12. Keep yourself well spaced between vehicles and other fellow riders so you've increased your margin of error.
13. Try to minimize the amount of time you ride in the rain after sunset.
14. Enjoy the ride, don't let a little rain spoil your plans. We only stop if its raining so hard that you can't see, but then everyone is usually pulling over.

View Larger Map

Harley Davidson Service Woes!

Ricardo Perez

My 2008 HD Ultra Classic
My dad was a mechanic so naturally we grew up around cars and servicing vehicles.  One of my dad's cardinal rule was never buy a car that rolled off the assembly line on a Monday or Friday. That was back in the day when we would typically special order the car you wanted. Another "rule" that I've learned along the way is to never take your vehicle in for service right before any holiday. Well, I violated one of my cardinal rules and took my Harley Ultra Classic in for a new rear tire.
I dropped the bike off on Wednesday afternoon, December 28th. I use Metzelers and made sure they noted that. The Serviceman recommended doing the 40K service since I was approximately 1,200 miles short of the 40,000 mile service interval. So I said sure, and while he was at it he might as well do the state inspection, put the nostalgic type grips on, replace the brake fluid cover since it was leaking, a warranty issue, and either fix my battery operated oil dip stick which went south soon after I bought it, or replace it with the stock item.
He said that the bike would probably be ready by Thursday afternoon. I called on Friday morning asked if bike was ready and was told, "yep" just finishing it up now. Of course, we all know that's code for, "he hasn't started yet".  So I said I'd pick it up before their 6pm closing time. While I was on the phone he mentioned that everything was okay except the nostalgic grips were not available for the TBW (throttle by wire) bikes. I politely mentioned that I had asked the service guy if those were compatible with the TBW bike and, of course, he had said they were.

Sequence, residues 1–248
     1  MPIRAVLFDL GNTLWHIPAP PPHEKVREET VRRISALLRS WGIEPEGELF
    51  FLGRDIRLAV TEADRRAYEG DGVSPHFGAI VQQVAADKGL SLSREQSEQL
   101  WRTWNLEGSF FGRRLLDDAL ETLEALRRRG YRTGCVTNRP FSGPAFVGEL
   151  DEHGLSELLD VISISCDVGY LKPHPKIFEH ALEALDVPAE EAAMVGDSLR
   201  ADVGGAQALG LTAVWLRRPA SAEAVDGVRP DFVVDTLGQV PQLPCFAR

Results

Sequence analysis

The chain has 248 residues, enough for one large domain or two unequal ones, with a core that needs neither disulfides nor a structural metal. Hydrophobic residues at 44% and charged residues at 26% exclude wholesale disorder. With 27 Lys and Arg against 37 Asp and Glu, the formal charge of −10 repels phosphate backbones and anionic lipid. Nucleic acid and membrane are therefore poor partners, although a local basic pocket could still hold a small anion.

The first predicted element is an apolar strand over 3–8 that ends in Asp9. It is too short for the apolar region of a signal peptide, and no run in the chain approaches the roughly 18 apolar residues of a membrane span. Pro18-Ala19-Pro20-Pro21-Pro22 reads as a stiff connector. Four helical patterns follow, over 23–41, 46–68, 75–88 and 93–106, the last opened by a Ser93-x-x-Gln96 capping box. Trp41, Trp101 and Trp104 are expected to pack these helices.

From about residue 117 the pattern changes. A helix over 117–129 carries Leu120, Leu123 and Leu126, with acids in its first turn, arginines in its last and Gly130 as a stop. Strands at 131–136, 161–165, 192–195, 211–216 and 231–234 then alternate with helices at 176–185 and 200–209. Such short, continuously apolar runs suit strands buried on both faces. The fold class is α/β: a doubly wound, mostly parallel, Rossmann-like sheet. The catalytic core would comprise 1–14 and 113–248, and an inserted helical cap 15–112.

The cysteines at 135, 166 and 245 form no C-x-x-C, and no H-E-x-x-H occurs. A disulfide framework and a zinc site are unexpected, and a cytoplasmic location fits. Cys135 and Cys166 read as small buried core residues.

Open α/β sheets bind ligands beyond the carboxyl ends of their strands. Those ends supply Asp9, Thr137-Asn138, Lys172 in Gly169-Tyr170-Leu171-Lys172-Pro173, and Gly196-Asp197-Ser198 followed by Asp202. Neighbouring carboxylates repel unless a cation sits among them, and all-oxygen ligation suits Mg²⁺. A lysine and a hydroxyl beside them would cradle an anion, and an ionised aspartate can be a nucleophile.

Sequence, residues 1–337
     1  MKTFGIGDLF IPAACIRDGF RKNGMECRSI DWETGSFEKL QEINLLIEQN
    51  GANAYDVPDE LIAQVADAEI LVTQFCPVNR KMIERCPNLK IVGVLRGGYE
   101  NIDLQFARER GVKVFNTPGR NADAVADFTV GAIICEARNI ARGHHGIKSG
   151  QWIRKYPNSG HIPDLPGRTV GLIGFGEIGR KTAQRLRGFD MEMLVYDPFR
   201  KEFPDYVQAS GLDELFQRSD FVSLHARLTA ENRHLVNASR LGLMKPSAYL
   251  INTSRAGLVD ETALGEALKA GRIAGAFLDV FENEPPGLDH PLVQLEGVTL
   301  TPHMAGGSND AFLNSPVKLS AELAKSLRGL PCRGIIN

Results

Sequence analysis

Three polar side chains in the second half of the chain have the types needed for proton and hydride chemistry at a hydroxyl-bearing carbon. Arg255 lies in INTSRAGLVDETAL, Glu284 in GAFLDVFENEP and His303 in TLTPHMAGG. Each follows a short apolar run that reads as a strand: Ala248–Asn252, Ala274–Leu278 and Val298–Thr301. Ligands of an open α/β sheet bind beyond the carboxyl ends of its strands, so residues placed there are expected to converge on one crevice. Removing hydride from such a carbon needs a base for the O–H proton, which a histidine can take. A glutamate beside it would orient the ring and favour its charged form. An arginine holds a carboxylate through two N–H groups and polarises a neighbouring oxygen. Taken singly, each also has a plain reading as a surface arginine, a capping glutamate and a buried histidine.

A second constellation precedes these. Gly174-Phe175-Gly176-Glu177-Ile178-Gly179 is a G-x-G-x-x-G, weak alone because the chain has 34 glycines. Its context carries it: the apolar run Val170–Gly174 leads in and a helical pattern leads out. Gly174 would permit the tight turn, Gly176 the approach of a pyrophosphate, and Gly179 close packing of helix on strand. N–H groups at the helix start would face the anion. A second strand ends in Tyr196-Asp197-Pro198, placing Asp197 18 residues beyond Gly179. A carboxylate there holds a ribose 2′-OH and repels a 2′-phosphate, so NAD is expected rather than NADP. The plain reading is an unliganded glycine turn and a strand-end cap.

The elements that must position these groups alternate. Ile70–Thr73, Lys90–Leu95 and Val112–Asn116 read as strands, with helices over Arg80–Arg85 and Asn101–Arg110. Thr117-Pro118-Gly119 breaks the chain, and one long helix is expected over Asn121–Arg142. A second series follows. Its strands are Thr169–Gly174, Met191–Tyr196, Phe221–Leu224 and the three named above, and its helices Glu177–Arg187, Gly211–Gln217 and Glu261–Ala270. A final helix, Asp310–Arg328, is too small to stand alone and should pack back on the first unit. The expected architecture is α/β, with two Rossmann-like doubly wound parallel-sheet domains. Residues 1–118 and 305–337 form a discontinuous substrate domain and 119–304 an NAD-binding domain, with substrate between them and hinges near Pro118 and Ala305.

My wife drops me off at about 3:30pm and the guy at the counter asks me if I had already paid for the tire as he's tallying up my invoice. I hadn't paid for it and said so, adding that it must be a New Year's complimentary item. He says well it's not on the invoice expecting me to understand what that means. He then starts a phone conversation with someone back in the Parts Department and after a while finally decides to go look at the bike. When he returns he says that they hadn't put the tire on. I just dejectedly say, "that's the only reason I brought the bike in for".  He wondered out-loud if it could be done before 6pm as he looked at the serviceman that worked on my bike. He got one of those blank stares that says, sure it can be done by 6pm but what fool do you think is gonna do it. In reality, he never spoke. After another longer wait the counter guy tells me that the Metzeler is not in stock and it would take a week for it to come in. By this time I'm trying not to be an SOB just two days before New Year's Eve so I just tell the guy to get my bike because I wasn't wanting to leave it for more than a week. I really wanted to ask why they didn't check to see if the tire was in stock when I dropped it off, but figured that would only frustrate me even more so I didn't ask the obvious.
By the time I get home I notice that they didn't fix or replace the brake fluid cap as was on the work order or the dipstick. So then for the "coup de grace" I decided to look at the state inspection sticker, you guessed it, no new sticker.
Like Timmy said in the movie "Sandlot", 'I blame myself for underestimating the beast and going about this all wrong'. 
Of course, I didn't get out of there without paying about $440 for the 40K Service. Now the constant question that gnaws at me is, 'what are the odds of they actually doing what's on the checklist for the 40K service?' Gotta admit that the odds are heavily tilted towards the 'no way' side. 
Now I must admit that I'm just letting off steam; all in all my dealer is good and I must admit that they, especially the Service Manager has gone out of his way to make things right and I'm sure this won't be an exception.  Let's just chalk it up to holiday blues and better days will come my poor bike's way.  Anyway, Happy New Year!

20,000 and 40,000 Mile Maintenance
change oil and filter
clean magnetic drain plug change primary chain case fluid
clean magnetic drain plug change transmission lubricant,